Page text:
The global site of the UK's leading magazine for automation, motion engineering and power transmission
29 February, 2024

Twitter link

Electric motor propels Boeing 767 - on the ground

01 August, 2005

Electric motor propels Boeing 767 - on the ground

Boeing has successfully tested a motor technology that could lead to a more efficient way of moving aircraft around airports. An electric motor attached to the nose wheel of an Air Canada Boeing 767 was able to move the aircraft to and from airport gates, and to taxi it to a runway, without the usual tow tugs or jet engines.

As well as cutting emissions, the technology would give pilots complete control of their aircraft from the departure gate at one airport, to the arrival gate at their destination.

The motor was supplied by Chorus Motors, which has set up a subsidiary, called WheelTug, to develop its multiphase, high-torque motor technology for aerospace applications. The diagram above shows how the motor was attached to the plane`s nose wheel for testing purposes. In a commercial version, the drive system would be smaller and lighter and integrated with the wheel structure.

"We believe that onboard electric motors have many advantages," says Dr Bob Carman, WheelTug`s programme manager. "They could reduce the need for ground tugs and their associated costs, allow faster flight turnarounds, increase fuel efficiency per trip, and reduce aeroplane noise and emissions at airports."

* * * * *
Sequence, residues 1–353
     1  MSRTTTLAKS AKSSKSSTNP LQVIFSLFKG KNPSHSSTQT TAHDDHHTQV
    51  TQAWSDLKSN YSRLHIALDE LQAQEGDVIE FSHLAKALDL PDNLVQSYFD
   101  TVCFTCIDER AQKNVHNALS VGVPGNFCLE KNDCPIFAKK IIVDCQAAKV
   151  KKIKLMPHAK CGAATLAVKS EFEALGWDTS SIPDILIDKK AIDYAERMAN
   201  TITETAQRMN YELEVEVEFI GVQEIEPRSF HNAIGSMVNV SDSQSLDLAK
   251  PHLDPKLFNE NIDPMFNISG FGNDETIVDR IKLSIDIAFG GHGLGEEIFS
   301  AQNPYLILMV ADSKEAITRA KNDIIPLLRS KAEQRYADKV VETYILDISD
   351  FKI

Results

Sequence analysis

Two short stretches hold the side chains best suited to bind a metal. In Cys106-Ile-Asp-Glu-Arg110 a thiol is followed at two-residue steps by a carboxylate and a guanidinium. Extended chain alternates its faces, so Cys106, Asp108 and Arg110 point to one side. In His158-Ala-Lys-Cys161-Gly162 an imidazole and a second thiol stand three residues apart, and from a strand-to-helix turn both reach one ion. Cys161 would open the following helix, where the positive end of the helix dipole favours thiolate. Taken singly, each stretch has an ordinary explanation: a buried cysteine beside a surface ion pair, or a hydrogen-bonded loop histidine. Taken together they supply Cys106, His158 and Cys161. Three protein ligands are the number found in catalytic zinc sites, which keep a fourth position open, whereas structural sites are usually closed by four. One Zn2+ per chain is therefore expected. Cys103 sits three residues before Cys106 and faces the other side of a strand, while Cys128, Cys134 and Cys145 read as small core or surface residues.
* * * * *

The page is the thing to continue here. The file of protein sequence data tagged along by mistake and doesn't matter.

According to WheelTug`s estimates, motorised wheel systems could save airlines around $6m a year for each aircraft that they operate. These savings would result from a combination of factors, including quicker turnaround times, reduced maintenance costs and fuel savings because the plane`s engines would be used less, and the avoidance of tug fees. In addition, pilots would not have to wait for a tug to be available before they could leave a gate.

Boeing and WheelTug are now working to resolve some of technical issues that surfaced during the tests in June, and are looking at commercialising the technology. According to Boeing, it could take several years to develop and the technology to a commercial version and to certify it.

  • To view a digital copy of the latest issue of Drives & Controls, click here.

    To visit the digital library of past issues, click here

    To subscribe to the magazine, click here



"Do you think that robots create or destroy jobs?"



Most Read Articles